The circular economy offers solutions to the sustainability crisis faced by our world. It plays a central role in mitigating climate emissions and the loss of biodiversity as well as in the creation of a sustainable and competitive economy. From the perspective of the economy and the business sector, the circular economy presents new business opportunities as people shift from a disposable culture to new models of consumption and ownership.
Rethinking ownership is a key aspect of circular economy business models. In a circular economy, instead of continuously manufacturing more goods, products are shared, rented, repaired, maintained, upgraded, recycled and reused with the help of various services. Consumption does not end, but it becomes more sustainable.
The ownership of products increasingly remains with their producers or intermediaries, ensuring that products and materials remain in efficient use throughout their life cycle. These business models are referred to as producer ownership models, which fall into four main categories: product-as–aservice, material-as-a-service, performance-as-a-service and function guarantee, such as extended or lifetime warranties and material return and deposit systems. Producer ownership is also supported by sharing platforms and various digital solutions.
The report presents a vision of rethinking ownership, which outlines how, by 2030, companies will have transitioned from simply selling products to renting, maintenance and returns, thereby taking ownership of products throughout their life cycle. Economic steering methods, legislation and the financial markets will have accelerated the shift to new forms of ownership.
Pioneering companies and experts were interviewed for the report to assess the advantages and challenges associated with producer ownership. Rethinking ownership presents new business benefits to companies and supports the transition to a circular economy. Producer ownership models create close relationships with customers and enable continuous cash flow. In the long term, they also reduce the business risks that may be caused by regulatory changes and the availability of financing. Legislation aimed at mitigating climate change and the excessive consumption of natural resources puts pressure on companies – and creates incentives – to engage in sustainable business.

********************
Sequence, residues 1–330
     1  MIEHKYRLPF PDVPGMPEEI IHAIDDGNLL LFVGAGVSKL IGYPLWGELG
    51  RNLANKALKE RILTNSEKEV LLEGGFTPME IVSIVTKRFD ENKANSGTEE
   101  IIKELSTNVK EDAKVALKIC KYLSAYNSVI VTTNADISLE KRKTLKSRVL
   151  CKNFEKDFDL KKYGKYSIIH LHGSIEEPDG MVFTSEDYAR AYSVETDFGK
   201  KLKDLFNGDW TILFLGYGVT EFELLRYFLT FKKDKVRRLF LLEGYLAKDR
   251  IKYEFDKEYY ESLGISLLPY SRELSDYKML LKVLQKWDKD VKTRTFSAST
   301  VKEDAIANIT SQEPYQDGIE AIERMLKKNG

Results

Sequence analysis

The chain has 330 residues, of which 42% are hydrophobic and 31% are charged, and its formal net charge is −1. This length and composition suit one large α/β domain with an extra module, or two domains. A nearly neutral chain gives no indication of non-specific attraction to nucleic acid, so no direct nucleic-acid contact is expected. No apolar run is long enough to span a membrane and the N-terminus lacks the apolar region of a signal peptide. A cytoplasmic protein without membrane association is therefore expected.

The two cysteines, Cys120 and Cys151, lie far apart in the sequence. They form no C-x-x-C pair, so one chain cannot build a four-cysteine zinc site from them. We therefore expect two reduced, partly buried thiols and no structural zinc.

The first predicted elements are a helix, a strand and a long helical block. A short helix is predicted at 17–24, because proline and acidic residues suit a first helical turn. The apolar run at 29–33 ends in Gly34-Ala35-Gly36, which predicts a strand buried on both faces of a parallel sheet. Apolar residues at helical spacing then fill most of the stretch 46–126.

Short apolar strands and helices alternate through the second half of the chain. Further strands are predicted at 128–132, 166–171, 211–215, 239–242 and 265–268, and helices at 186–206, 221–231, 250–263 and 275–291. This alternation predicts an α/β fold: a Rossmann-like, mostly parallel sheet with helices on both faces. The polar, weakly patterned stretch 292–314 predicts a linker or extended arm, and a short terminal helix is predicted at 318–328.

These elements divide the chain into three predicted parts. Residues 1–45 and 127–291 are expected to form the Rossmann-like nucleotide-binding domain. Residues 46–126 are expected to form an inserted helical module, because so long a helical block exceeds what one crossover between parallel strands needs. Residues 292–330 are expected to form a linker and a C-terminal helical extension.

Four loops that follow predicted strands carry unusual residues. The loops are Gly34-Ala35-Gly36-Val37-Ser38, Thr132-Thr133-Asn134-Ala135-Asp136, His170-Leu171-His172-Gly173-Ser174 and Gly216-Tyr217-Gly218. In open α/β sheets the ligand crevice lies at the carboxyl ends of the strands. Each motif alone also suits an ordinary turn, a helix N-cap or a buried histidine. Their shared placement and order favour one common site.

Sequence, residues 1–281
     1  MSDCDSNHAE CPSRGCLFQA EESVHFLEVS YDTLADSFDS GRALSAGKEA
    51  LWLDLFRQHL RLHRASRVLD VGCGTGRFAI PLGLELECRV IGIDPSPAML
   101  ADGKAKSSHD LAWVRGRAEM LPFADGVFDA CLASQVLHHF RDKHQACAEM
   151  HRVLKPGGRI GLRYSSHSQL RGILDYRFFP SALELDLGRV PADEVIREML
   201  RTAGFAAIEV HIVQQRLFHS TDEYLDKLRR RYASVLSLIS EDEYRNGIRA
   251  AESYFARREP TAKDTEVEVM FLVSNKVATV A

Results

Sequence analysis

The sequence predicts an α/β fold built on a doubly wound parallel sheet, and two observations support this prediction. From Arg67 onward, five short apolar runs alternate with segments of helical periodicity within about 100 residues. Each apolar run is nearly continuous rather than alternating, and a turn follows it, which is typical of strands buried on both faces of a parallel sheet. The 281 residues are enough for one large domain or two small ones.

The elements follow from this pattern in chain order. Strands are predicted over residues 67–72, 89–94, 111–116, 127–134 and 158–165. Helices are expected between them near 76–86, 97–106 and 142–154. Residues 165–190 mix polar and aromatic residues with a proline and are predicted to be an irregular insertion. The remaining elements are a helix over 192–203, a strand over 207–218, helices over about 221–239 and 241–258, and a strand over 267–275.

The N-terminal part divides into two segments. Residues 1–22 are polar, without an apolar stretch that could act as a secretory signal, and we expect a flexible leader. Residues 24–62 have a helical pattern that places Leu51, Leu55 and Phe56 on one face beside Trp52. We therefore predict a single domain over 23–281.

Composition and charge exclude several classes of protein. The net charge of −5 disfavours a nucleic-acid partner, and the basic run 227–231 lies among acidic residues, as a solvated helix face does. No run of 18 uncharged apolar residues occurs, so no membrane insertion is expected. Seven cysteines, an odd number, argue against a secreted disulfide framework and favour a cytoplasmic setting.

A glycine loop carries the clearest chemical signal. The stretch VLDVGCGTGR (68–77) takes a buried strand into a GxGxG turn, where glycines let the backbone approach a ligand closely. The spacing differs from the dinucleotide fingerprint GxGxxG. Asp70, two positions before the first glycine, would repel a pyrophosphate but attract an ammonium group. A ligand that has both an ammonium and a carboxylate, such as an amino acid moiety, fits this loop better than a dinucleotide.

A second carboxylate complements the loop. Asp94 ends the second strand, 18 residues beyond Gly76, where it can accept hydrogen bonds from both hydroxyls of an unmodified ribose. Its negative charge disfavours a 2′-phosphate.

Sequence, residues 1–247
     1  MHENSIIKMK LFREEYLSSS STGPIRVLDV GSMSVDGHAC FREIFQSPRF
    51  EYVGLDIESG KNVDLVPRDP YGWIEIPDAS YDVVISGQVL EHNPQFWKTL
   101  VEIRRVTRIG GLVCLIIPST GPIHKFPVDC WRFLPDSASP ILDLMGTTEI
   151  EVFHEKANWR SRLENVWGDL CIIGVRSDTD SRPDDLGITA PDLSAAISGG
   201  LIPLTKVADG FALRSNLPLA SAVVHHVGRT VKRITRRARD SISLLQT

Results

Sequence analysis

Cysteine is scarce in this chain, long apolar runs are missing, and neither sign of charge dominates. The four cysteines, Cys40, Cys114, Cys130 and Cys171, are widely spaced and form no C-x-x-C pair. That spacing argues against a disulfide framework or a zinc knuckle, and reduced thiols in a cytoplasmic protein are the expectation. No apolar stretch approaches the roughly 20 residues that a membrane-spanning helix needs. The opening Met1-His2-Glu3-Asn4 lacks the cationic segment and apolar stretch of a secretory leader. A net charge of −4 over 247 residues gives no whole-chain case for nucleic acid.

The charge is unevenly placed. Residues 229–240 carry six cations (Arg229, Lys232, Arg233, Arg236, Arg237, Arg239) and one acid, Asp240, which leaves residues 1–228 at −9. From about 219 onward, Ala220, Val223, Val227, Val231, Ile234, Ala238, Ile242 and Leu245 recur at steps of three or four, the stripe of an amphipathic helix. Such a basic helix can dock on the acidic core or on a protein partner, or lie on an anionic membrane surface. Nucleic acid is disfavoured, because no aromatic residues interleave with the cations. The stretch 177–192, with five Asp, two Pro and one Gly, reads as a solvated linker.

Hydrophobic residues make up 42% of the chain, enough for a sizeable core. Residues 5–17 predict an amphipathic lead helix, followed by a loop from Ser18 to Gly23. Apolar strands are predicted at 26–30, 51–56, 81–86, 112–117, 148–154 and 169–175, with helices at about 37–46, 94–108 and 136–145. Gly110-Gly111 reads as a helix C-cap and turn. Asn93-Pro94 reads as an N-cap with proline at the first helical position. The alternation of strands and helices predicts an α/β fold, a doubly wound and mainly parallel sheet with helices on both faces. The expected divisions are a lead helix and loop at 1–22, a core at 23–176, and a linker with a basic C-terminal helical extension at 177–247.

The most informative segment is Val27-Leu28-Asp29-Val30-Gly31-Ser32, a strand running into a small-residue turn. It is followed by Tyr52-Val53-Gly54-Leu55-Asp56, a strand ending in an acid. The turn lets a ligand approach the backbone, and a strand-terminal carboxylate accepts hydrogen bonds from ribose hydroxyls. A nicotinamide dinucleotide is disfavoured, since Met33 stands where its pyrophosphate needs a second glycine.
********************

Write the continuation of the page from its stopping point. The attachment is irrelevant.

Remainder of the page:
In Finland, the strategic programme to promote a circular economy presents the opportunity to promote the rethinking of ownership through, for example, the creation of service models and sharing platforms. In the European Commission’s new Circular Economy Action Plan, sustainable consumption and product policy hold a central role, and producer ownership is one solution for achieving these goals.
The operating environment does not currently support the transition to producer ownership. The report presents action proposals to decision-makers in Finland and at the EU level to promote the transition to producer ownership.
Opportunities may arise from developing legislation on producer responsibility, implementing product and material passports and standardising product-related information. In the area of taxation, the transition would be supported by sustainable development tax reform: potential tax concessions for new forms of ownership and tax increases for linear economy products. Public funding and public tendering processes must support resource-wise products and services. Cross-industry business ecosystems and a circular economy infrastructure need to be developed by supporting a broader co-operation through funding with regard to product life cycles or entire industries. And investments in training and skills development can improve the circular economy competence of businesses. Companies, for their part, need to understand the change in the operating environment and respond to the challenge by adopting new business models. This calls for investment in competence development, technology and infrastructure.
Making the shift to producer ownership is possible. Pioneering companies are already applying circular economy business models and there are examples of successful circular economy businesses in Finland and internationally. Nevertheless, the major change, in which businesses adapt their operations to the earth’s carrying capacity, is still a long way off. The transition towards rethinking ownership can be accelerated through smart decision-making and appropriate incentives.
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